The Usual Suspects

They knew.  As the NYT reports today, a handful of senior White House Lawyers were in on the talks to destroy the now infamous CIA tapes depicting the use of torture on al Qaeda operatives, and among them we find the usual suspects.

Somehow I’m not shocked, only mildly disgusted (I think I’m becoming desensitized) to find that David Addington, Alberto Gonzales, and Harriet Miers were all in on the decision making when it came to destroying those tapes.  Their role, however, is murky though while some say they advised against the destruction, there are reports that at least some of them advocating the termination of evidence.

The significance is hard to miss, as this is yet another bit of evidence that all roads lead to the White House.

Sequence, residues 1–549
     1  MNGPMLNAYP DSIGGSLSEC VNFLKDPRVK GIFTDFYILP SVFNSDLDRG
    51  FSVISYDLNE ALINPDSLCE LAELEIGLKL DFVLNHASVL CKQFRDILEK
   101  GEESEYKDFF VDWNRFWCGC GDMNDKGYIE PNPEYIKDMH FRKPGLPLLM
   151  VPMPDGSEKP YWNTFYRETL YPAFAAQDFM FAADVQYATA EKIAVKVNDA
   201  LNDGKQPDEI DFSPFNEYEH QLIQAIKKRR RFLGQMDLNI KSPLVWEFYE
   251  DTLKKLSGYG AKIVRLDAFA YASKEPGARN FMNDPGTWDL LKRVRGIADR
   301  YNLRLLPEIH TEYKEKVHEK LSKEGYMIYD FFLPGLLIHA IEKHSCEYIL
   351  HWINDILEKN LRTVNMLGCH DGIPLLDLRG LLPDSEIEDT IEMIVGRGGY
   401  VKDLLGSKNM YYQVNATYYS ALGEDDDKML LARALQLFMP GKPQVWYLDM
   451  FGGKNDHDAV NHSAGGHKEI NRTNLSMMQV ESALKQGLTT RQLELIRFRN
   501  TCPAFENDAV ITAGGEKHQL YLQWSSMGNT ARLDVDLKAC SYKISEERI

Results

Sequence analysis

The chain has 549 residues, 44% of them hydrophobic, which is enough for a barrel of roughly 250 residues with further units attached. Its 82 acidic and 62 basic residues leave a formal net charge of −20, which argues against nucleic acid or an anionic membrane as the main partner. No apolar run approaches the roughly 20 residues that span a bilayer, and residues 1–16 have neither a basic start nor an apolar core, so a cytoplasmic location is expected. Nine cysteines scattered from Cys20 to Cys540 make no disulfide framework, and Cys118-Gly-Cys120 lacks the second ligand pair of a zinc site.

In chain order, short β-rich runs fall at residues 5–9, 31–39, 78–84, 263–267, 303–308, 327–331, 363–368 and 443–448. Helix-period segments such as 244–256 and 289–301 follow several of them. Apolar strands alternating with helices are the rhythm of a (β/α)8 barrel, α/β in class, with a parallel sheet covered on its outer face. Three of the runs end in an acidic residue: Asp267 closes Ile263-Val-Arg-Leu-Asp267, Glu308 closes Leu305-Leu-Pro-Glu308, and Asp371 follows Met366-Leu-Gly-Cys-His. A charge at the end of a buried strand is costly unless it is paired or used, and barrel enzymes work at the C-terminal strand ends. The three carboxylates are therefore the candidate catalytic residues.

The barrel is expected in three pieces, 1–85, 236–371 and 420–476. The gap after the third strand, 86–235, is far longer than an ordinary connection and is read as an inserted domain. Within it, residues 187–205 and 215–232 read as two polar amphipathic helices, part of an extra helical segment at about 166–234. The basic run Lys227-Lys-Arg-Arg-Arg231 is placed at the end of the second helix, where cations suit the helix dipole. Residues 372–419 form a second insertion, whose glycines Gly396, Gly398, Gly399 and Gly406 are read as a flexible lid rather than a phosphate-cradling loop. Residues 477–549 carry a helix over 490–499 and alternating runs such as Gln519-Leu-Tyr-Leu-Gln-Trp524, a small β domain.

The revelation that the CIA had destroyed documentation of torture brings up questions of legality.  First is the debate we are all well accustomed to regarding what exactly is defined as torture, and whether the techniques we employ fall under that umbrella.  But outside of that, there is another question as to whether the destruction of the tapes alone is illegal.

This based on a prior ruling which mandated that all documented evidence of interrogations must be maintained and not destroyed.

Meanwhile, as we learn more about the incidents that surround the destruction of evidence, it seems that the core of the decision circles around post Abu Ghraib sentiment.  Unfortunately, we didn’t learn our lesson very well.  What we should have learned is that we need to stand by a strict set of standards in detainee treatment.

Instead, all we seemed to have learned was to try to cover our tracks better, and even at that we apparently failed.

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